Here is my diary entry for my first day of my new life in London: August 29, 1973.
“Land from Singapore at 9.15 am. Take train from Gatwick to Victoria Station. Raining. Bus 52 to Kensington Student Hostel on Kensington Church Street. Tube to Piccadilly Circus and meet a Rees in the loos. Visit C.H.E. (Campaign for Homosexual Equality) office nearby. Meet up with my cousin Jan visiting from Toronto and her friend Louise. With them, see Applause with Lauren Bacall at Her Majesty’s. Irish pub after. Love London!”
That one day encapsulated my life to be in London for the next many years: politics, entertainment, pubs, sex and meeting up with old and new friends. No wonder I loved it.
Where to live and work?
At 23 years of age, I was in London to take up my place at the University of London Institute of Education to do a one year Post-Graduate Certificate in Education (PGCE) to become a certified teacher. Teaching was a career I sort of fell into – but one I ended up loving.
I wouldn’t be starting classes for another month so I had time to settle in. But where to live and work in the meantime? The Canadian High Commission had a binder in their library with job offers and one was for a barman at The Greystoke Pub in Ealing, West London. The job was live-in, so that was a big advantage. Even though I had no bar/server experience, it sounded a good deal so I headed out for the interview, got the job and moved in the next day.
On my first shift, I was introduced to my co-workers and one of them said to me:
“The boss said that he interviewed a Canadian guy yesterday who he thought was probably gay. So I see you got the job.”
This boss, in earshot of this comment, blushed. My reputation apparently preceded me. At least I didn’t have to think about whether to come out or not.
Lessons in Social Class
This bar job was not only good for cash and a bed. It was an immediate immersion into the English class system which I’d read about but had never experienced. The pub was divided into three quite separate bars:
- the Public Bar for the working class (bare floor, a dartboard and minimal furnishings)
- the Salon for the lower/middle class (carpeted, chairs and tables)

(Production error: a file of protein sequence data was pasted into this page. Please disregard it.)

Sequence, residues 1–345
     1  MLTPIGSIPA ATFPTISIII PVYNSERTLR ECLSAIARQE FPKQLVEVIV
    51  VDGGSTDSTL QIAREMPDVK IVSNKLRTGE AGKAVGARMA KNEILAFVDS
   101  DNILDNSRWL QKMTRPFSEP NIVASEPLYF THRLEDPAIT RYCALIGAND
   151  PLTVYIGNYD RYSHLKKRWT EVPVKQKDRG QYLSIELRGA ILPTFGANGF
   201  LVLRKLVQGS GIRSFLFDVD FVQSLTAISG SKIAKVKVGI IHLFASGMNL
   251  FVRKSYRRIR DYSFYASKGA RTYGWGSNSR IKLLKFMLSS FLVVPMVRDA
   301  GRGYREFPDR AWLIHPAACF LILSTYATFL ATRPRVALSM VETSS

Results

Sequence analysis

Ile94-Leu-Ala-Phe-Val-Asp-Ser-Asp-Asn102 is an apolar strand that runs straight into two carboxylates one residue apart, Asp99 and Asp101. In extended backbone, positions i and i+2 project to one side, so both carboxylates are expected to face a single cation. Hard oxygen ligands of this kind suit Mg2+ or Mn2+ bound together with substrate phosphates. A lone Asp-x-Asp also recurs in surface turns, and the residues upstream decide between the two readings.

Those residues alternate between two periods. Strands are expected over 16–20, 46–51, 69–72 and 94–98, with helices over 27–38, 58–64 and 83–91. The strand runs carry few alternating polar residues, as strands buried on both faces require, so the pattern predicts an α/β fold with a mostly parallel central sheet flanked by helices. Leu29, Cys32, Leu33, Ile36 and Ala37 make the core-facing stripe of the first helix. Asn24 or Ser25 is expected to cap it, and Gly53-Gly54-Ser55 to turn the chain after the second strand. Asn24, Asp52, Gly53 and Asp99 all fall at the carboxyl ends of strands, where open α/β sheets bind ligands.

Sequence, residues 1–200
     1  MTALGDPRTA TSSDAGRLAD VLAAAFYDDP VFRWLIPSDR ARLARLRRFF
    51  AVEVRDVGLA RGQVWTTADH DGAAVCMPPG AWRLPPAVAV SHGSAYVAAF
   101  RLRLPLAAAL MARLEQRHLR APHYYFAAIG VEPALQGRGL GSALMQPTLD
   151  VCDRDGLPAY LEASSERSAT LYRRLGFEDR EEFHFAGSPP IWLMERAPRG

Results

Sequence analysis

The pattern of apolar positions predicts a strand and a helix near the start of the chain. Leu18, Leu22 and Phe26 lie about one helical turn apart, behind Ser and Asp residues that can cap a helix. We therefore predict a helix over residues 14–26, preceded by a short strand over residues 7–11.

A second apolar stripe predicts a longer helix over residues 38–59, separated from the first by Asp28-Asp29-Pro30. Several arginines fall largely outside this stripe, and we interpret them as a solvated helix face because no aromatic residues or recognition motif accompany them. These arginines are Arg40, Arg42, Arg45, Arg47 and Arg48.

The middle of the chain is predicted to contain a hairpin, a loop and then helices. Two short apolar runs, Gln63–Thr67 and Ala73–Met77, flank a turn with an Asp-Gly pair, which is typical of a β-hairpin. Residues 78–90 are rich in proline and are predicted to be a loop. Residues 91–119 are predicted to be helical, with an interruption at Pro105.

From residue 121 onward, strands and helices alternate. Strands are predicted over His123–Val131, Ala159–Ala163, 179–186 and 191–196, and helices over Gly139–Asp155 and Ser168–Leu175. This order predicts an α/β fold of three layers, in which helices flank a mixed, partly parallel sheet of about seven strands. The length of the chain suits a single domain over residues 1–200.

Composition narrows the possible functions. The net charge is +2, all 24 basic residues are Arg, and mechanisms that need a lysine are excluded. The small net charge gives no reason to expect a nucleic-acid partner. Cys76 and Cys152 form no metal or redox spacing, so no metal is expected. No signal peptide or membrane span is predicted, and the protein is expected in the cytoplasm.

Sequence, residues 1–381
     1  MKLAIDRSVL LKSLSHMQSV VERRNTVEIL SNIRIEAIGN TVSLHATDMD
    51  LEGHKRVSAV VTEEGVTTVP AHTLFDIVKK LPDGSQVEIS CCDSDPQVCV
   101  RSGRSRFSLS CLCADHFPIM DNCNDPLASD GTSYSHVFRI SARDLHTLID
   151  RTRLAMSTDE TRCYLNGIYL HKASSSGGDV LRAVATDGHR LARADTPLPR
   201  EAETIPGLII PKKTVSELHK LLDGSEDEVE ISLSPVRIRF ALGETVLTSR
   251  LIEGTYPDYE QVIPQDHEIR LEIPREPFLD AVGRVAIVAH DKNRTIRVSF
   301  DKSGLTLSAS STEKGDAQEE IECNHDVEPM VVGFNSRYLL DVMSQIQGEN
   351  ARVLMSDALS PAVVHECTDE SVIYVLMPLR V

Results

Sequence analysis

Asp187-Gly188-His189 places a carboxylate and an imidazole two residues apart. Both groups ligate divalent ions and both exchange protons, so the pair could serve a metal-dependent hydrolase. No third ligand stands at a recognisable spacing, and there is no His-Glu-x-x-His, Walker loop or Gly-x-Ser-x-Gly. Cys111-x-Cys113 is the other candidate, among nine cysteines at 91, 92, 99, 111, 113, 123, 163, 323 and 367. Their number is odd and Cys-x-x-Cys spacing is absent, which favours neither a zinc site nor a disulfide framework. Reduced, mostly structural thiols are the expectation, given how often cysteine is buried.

- the Lounge for the professional/upper middle class (upholstered chairs, thicker carpets, paintings on the walls and the biggest room of all the bars)
People certainly seemed to know where they belonged and I rarely saw people move from one bar to the other.
As an outsider, I learned quickly that the people in each bar had their own way of speaking (Cockney to posh accents), of dressing (working clothes to men in ties and jackets) and their own drink preferences (bitter and lager and gin and tonics).
“Fill ‘er right to the top. I don’t want no head” was a common refrain regarding beer, especially in the Public Bar. They wanted their money’s worth and how to fill a glass right to the brim with those hand pumps was a skill I had to learn.
From our side of the bar, we workers could easily move from one room to the other and at quiet times, we might have to cover all three. We also had to remember three prices for every kind of drink. For example, the same pint of beer cost 20p, 25p or 30p depending in what room you bought it in.
I was certainly glad that the UK had changed to the decimal system for currency two years earlier so I didn’t have to remember that there were 12 pennies to the shilling and 20 shillings to the pound, not to mention deal with half crowns, ten bob notes and thruppences.
Pub hours in those more puritanical days in England were set to minimize the times available to drink. Open for lunch at 11am, they’d close at 3pm and we’d have the rest of the afternoon off until the pubs opened again at 5.30pm. At 10.50pm, there was “Last Call”, stop service at 11pm and then “Drink up, gentlemen” and we had to, by law, have everyone out the door by 11.10pm.
Although these hours were set to limit drinking, what in reality happened was that customers would chug down a quick pint or two in the last 15 minutes or less and then crowds would stagger out the door to walk or drive (!) home or start a fight, depending on their mood.
Compulsory afternoon closing time was abolished in the late 1980s and by the 2000s, pubs could stay open longer meaning that closing times were staggered with less likelihood of these problems.
Heart of Gold
The head bar person at The Greystoke was a woman who had worked there for many years. She was very strict but had a heart of gold. A kind of a Bet Lynch from Coronation Street type but with a more upmarket accent. All the workers (including several other Canadians – but no other gays) were treated to a roast lunch after the pub closed at 2.30 on Sundays which she presided over and we all loved.